Even when operating through a launch control system that struggled somewhat to put down 553lb ft (multiplied through the car’s lower gears, of course) onto wet tarmac through all four contact patches, the BMW M5 was blisteringly fast.
It recorded a quite staggering standing quarter mile time of 11.5sec on a thoroughly damp surface. In like-for-like conditions, that is 0.1sec quicker than a Mercedes-AMG GT R. It lops more than a second off the preceding M5’s pace and is barely half a second slower than a Ferrari 488 GTB was on a bone-dry day. Through the gears from 40mph to 80mph, the BMW is precisely as fast as the Porsche 911 Turbo S we tested in 2013.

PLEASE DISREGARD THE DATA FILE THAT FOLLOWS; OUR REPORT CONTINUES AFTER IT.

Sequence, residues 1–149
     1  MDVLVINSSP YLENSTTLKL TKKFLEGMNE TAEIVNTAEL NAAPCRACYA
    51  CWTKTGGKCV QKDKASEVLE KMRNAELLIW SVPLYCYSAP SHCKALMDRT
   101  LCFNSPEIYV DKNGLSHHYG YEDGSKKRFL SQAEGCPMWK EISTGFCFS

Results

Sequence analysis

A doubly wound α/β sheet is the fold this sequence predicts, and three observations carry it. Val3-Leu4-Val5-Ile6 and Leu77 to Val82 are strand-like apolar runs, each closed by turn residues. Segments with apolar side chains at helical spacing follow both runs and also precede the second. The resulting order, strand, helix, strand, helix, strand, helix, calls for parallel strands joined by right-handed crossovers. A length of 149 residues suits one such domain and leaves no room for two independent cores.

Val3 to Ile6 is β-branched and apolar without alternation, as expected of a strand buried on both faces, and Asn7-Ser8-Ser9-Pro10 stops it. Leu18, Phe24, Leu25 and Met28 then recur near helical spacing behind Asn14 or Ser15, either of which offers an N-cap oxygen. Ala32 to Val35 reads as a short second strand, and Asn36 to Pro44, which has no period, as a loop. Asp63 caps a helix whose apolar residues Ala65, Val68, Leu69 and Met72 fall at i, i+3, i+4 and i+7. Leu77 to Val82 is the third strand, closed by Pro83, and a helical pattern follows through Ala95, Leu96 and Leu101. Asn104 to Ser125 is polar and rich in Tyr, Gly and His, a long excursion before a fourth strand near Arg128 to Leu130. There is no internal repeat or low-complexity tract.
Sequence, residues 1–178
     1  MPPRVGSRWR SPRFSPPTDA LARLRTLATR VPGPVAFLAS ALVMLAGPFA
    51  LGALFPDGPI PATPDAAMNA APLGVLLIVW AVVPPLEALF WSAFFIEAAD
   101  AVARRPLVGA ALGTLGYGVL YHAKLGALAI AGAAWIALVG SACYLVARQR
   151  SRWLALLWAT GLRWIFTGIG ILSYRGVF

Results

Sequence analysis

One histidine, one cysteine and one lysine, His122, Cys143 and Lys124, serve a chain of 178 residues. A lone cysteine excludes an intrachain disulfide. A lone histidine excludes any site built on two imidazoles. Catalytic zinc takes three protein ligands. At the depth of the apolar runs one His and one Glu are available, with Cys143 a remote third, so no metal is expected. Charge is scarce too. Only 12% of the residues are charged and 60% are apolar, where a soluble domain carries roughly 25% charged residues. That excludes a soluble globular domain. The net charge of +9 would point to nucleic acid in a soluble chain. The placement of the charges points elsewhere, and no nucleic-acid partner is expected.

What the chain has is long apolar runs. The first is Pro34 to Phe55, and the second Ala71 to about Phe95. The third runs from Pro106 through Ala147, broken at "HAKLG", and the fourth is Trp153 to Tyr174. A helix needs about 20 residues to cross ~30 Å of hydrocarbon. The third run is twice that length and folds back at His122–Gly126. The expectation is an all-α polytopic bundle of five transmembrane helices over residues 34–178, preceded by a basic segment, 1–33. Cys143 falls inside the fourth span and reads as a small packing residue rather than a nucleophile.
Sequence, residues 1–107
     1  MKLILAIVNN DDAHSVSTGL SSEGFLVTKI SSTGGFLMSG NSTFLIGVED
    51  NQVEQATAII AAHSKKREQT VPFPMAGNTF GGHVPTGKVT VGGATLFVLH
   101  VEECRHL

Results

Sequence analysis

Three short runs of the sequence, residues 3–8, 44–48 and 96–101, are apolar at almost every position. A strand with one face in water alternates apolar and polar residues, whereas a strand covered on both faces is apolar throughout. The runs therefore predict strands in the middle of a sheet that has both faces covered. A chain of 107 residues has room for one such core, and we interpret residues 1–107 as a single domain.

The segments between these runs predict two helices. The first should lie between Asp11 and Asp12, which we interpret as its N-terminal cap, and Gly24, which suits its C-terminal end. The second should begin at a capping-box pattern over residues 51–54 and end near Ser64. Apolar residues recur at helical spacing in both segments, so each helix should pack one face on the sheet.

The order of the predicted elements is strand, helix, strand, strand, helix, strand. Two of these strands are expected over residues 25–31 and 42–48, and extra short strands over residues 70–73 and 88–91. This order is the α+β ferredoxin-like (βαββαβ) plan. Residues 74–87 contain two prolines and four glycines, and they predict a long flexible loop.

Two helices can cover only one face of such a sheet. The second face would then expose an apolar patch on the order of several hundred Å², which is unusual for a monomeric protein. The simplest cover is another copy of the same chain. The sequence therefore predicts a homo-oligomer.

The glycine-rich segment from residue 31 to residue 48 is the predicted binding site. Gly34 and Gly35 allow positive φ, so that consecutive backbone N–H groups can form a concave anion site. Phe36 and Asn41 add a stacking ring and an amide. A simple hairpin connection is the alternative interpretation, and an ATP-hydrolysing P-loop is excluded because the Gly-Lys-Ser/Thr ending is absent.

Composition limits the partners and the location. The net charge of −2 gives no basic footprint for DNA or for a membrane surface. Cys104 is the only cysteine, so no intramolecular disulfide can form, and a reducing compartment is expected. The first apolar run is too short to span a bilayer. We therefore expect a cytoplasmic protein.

And it’s a two-tonne executive saloon, remember; a reality for which, it seems, super-saloon customers need no longer make any allowance, or accept any real-world performance compromise. Perhaps the most profound illustration of this car’s versatility is that you wouldn’t know such shattering performance lurked within unless you went looking for it.
Ramping the engine map up to its Sport+ setting yields exhaust crackles and a frenetically responsive throttle pedal, but in Comfort, you’re indulged with a fluency that makes this M5 no more tiresome to pilot along any kind of road than a BMW 520d.
If there’s any disappointment to the M5’s showing here, it’s the relatively muted sound of its 4.4-litre twin-turbo V8. The howling atmospheric V10 of the E60 M5 casts a long shadow, but even had it never existed, there’s no doubt this engine is lacking in genuine aural charisma, principally because the imitation engine noise played through the car’s stereo speakers remains singularly contrived.